Tackling the planetary emergency and lighting a path to a sustainable future with new opportunities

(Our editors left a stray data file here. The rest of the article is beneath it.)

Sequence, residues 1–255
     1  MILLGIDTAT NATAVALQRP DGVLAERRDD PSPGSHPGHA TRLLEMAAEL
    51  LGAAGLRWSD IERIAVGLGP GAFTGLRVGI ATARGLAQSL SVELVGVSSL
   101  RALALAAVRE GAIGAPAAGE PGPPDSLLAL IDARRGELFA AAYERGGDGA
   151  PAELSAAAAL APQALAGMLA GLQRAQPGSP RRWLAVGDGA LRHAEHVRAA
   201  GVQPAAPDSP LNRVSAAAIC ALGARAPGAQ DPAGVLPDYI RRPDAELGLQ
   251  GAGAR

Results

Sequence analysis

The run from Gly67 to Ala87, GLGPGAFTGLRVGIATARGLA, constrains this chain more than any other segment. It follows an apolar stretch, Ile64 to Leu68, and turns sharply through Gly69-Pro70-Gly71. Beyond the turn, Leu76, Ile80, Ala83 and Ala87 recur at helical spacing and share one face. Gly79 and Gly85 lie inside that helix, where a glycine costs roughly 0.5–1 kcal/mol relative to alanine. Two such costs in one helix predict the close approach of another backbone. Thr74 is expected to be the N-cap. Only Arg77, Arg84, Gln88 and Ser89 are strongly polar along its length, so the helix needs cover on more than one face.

Humanity has been grappling with a growing number of environmental challenges of increasing severity ever since the Stockholm Conference in 1972. The decision to hold what became the first in a series of decadal conferences on sustainable development was taken by the General Assembly of the United Nations (UN) in 1969.1 The Stockholm Conference identified the environment as a challenge needing a UN system-wide response and resulted in the establishment of the UN Environment Programme (UNEP) to help spearhead and coordinate the effort.2 Governments have since put in place a number of specific multilateral environmental agreements and instruments, some of which address issues largely unknown in 1972, such as the depletion of the ozone layer and climate change.3 Environmental challenges such as climate change, biodiversity loss and pollution have become increasingly severe. For example, the Intergovernmental Panel on Climate Change (IPCC) has compared key impacts and risks of global warming across sectors and regions to people, economies and ecosystems for selected natural, managed and human systems through a sequence of science-based assessments (figure 1.1). The more recent assessments find that the risks kick in at lower temperature increases than the earlier ones did, and that the reasons for concern about climate change have increased over time.

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